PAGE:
More accountability needed for frats accused of sexual violence, student leader says
London police are investigating after a woman says she was drugged at a Zeta Psi party
In the wake of allegations that a woman was drugged at a Zeta Psi party, the outgoing president of Western University's student council says it's time for fraternities to step up and do more than just offer verbal platitudes about ending sexual violence by its members.
"I don't think there's adequate accountability measures in place right now," said Zamir Fakirani, speaking about how frats and sororities, at Western referred to as Greek Life, have not put "actions into words."
"We don't ever see gender-based violence claims made to Greek Life organizations treated with seriousness, nor do we really see any rehabilitation or punitive measures taken by the Greek system. I think what that does inadvertently is signal to others that either this behaviour is okay, or it's encouraged. Without accountability I don't think we're going to see change."
Earlier this week, CBC News shared a story of a woman who went to a party at Zeta Psi, located at Mill and Talbot streets, in January. Her doctor believes she was drugged at that party and a drug test revealed the presence of a drug in her system that she didn't take.
There hasn't really been a meaningful or transparent conversation from Greek life about what they're doing to address not just rape culture, but toxic masculinity within their systems.- Zamir Fakirani, USC president
London police are investigating, and Zeta Psi's local chapter has refused to comment. Its international governing body says it takes the allegations seriously but wouldn't comment further or answer follow-up questions about what it's doing to investigate the incident or stop such things from happening in the future.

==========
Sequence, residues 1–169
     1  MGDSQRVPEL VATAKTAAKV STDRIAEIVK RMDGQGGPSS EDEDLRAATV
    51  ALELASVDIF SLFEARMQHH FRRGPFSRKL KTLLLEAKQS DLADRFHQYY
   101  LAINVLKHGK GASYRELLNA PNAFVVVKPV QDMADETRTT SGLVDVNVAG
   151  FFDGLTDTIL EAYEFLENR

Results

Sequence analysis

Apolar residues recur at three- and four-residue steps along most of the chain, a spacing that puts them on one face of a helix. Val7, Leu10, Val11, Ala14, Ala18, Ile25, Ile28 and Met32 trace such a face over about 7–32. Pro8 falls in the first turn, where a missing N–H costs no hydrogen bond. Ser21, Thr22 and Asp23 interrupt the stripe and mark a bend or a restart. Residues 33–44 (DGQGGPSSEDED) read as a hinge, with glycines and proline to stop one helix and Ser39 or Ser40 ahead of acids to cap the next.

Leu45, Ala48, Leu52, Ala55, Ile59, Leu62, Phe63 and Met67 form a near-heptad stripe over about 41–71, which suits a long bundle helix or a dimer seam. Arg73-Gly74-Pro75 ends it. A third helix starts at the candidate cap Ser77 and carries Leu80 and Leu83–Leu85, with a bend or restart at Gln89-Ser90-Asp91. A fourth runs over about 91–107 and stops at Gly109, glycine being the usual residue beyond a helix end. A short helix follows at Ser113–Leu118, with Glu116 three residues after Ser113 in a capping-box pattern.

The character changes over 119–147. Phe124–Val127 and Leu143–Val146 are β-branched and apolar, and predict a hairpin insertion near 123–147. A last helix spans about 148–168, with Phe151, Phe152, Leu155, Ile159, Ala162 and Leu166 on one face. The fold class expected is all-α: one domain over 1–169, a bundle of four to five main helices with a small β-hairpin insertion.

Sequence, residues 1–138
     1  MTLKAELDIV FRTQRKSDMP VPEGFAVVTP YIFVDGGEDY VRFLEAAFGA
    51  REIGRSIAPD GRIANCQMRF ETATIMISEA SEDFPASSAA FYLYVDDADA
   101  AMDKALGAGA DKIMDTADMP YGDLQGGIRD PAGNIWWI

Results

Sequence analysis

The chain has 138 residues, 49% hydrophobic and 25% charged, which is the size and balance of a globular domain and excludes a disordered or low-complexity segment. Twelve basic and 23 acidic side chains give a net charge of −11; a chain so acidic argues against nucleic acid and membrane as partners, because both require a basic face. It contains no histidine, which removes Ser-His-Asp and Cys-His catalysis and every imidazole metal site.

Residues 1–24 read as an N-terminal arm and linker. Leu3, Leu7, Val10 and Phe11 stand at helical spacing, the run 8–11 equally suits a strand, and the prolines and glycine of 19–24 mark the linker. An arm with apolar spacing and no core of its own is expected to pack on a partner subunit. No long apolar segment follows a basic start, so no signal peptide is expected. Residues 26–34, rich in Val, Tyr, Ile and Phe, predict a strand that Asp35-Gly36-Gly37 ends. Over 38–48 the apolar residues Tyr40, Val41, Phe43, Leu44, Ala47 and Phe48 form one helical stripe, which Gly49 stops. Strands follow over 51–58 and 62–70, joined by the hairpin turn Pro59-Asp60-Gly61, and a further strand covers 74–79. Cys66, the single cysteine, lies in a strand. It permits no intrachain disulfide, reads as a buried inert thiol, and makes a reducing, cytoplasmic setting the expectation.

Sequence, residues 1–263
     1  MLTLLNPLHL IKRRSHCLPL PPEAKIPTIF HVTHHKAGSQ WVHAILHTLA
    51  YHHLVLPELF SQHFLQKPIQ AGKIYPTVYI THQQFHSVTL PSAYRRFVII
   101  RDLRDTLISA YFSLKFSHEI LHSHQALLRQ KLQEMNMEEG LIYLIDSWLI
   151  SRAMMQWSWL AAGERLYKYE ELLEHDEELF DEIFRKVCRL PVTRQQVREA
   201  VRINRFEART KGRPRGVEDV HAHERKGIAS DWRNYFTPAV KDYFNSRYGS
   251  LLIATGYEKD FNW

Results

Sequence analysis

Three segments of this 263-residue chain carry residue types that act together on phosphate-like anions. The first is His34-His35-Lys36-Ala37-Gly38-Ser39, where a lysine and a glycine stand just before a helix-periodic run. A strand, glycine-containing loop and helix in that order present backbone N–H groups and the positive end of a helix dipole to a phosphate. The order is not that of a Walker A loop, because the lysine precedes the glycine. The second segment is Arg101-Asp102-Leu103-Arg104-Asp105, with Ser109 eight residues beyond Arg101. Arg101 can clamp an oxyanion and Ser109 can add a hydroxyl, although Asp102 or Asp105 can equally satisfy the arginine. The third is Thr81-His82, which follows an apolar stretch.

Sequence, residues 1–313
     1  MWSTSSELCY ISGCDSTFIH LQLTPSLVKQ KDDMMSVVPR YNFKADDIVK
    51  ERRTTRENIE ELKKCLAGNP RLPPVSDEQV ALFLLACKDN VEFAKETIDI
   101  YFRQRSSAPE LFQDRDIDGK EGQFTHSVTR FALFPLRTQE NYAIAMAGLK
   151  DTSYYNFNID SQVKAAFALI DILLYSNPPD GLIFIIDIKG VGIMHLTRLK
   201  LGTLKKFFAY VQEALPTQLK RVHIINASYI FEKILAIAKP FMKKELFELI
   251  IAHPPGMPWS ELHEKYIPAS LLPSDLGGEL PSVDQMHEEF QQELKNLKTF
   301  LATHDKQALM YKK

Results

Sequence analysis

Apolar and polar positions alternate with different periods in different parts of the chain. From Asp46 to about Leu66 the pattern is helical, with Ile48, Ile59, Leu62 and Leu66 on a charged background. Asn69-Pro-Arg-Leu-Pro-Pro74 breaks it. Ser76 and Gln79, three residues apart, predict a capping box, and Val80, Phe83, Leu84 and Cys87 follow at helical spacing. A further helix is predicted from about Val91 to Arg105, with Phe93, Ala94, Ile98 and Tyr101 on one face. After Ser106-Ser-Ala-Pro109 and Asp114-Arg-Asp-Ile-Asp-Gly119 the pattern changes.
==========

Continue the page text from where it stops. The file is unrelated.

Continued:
"Why don't we start with making sure there's pathways for survivors to coming forward, that there's training for new recruits so that they understand the notion of consent? Why aren't there harm reduction materials and programming at your events?" Fakirani told CBC's London Morning.
The January party happened four months after allegations of sexual assault and druggings at parties in September and a massive student walkout to protest sexual violence on campus.
"We've had so many conversations this year about how we can meaningfully address rape culture on campus and we saw so many students walk out but in the Greek system, we haven't really seen those words reflected in action. There hasn't really been a meaningful or transparent conversation from Greek Life about what they're doing to address not just rape culture, but toxic masculinity within their systems."
Fakirani said he's had sorority members reach out to him to tell them they feel unsafe and that they may leave their sororities because they don't reflect their values anymore.
The fraternities and sororities are not officially recognized by Western University and special privileges, such as the ability to recruit on campus, were taken away by the University Student Council (USC) earlier this year.
Frat members must think critically
"I'm hoping that this is a turning point for Greek Life in the way that orientation week was a turning point for Western," Fakirani said.
"I think when we allow a perpetrator of gender-based violence to be let off the hook and when we don't provide a survivor with the support that they need, it sends a very subtle signal that this behaviour will not be treated seriously, and I think that does allow for more violence."
"I'm really hope that this news that CBC reported encourages members of Greek Life to think critically about the role they play, either directly or indirectly, in contributing to a culture of gender-based violence at their organization."
Repeated requests for interviews with Zeta Psi's local and international leadership have not been answered. In a brief statement earlier this week, the organization's executive director said the drugging allegations are "antithetical" to the fraternity's values.